The last two reasons John Pavlovitz offers to account for why people are leaving churches are painful. But they ring sadly true.

4. You choose lousy battles.

This hurts. Pavlovitz writes:

We know you like to fight, Church. That’s obvious.

When you want to, you can go to war with the best of them. The problem is, your battles are too darn small.Every day we see a world suffocated by poverty, and racism, and violence, and bigotry, and hunger; and in the face of that stuff, you get awfully, frighteningly quiet. We wish you were as courageous in those fights, because then we’d feel like coming alongside you; then we’d feel like going to war with you.

Church, we need you to stop being warmongers with the trivial and pacifists in the face of the terrible.

Too often people find more wisdom, compassion, kindness, gentleness, and understanding outside the community of church than they experience in our midst as we continue to wage old battles that have long been resolved for most people. The hypocrisy of our claim to be an open inclusive community is not lost on people who see that we are unable to agree on extending a full open welcome equally to all people.

Children are dying of malnutrition. The earth is dying of environmental degradation. Countries are imploding in vicious civil war. All the while, the church is squabbling over who we will or will not include on the basis of who they feel called to love. This is shameful; it makes Pavlovitz point #5 extremely timely.

  1. Your love doesn’t look like love.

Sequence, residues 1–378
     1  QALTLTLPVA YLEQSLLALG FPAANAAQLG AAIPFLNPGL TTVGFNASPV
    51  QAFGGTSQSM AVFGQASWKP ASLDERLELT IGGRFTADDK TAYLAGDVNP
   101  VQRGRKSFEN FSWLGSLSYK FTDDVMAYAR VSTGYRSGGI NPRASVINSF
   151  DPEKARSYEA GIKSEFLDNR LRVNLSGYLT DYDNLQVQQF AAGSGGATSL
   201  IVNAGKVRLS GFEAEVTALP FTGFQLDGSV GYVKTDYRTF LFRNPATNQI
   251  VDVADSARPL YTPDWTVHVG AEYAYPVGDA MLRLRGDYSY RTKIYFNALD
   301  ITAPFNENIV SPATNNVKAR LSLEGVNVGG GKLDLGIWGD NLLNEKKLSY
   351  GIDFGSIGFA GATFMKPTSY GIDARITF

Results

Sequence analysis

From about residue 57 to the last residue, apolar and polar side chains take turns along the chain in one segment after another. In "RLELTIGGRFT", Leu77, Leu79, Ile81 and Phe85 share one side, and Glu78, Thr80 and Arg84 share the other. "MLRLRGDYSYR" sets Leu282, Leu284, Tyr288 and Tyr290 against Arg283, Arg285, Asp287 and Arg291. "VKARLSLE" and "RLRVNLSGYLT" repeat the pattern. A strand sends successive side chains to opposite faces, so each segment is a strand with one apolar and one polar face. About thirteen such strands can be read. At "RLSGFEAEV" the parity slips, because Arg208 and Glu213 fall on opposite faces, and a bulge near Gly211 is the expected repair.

…more and more, your brand of love seems incredibly selective and decidedly narrow; filtering out all the spiritual riff-raff, which sadly includes far too many of us.

It feels like a big bait-and-switch sucker-deal; advertising a “Come as You Are” party, but letting us know once we’re in the door that we can’t really come as we are. … Church, can you love us if we don’t check all the doctrinal boxes and don’t have our theology all figured out? ….Can you love us if we’re not sure how we define love, and marriage, and Heaven, and Hell? It sure doesn’t feel that way.

Conditional love is not love. It is a bargain. God does not bargain. Grace is a gift freely given, without strings attached. The Gospel does not demand we be good enough first. God invites broken flawed human beings into loving relationship. God does not wait until we are “moral” enough, smart enough, or well-disciplined enough. God does not hold back until we get all the answers right.

We are welcome just as we are.

A community that does not have room for broken flawed people like me, will never be able to offer the expansive invitation Jesus extended to all people. When our hearts respond to the invitation of grace, we will be changed. But change is not a condition before the invitation is offered.True change only comes after the invitation of grace is received and embraced.

This is the welcome Pavlovitz has been looking for from the church:

It’s here, in my flawed, screwed-up, wounded, shell-shocked, doubting, disillusioned me-ness that I’ve been waiting for you to step in with this whole supposedly relentless, audacious “love of Jesus” thing I hear so much about, and make it real.

Church, I know how much you despise the word Tolerance, but right now, I really need you to tolerate me; to tolerate those of us, who for all sorts of reasons you may feel aren’t justified, are struggling to stay.

I wonder what it may take to get us to the point where we are able to offer John Pavlovitz such an open, genuine, authentic welcome.


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